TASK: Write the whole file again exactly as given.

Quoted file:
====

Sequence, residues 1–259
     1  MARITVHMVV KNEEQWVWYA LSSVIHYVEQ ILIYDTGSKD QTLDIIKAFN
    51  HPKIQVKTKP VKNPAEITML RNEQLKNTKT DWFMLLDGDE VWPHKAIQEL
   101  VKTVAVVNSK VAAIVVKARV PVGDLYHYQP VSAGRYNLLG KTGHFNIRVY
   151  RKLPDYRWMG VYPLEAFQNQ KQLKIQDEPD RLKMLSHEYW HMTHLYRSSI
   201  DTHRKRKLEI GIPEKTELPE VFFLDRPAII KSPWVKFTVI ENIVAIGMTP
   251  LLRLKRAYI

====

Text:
Sequence, residues 1–259
     1  MARITVHMVV KNEEQWVWYA LSSVIHYVEQ ILIYDTGSKD QTLDIIKAFN
    51  HPKIQVKTKP VKNPAEITML RNEQLKNTKT DWFMLLDGDE VWPHKAIQEL
   101  VKTVAVVNSK VAAIVVKARV PVGDLYHYQP VSAGRYNLLG KTGHFNIRVY
   151  RKLPDYRWMG VYPLEAFQNQ KQLKIQDEPD RLKMLSHEYW HMTHLYRSSI
   201  DTHRKRKLEI GIPEKTELPE VFFLDRPAII KSPWVKFTVI ENIVAIGMTP
   251  LLRLKRAYI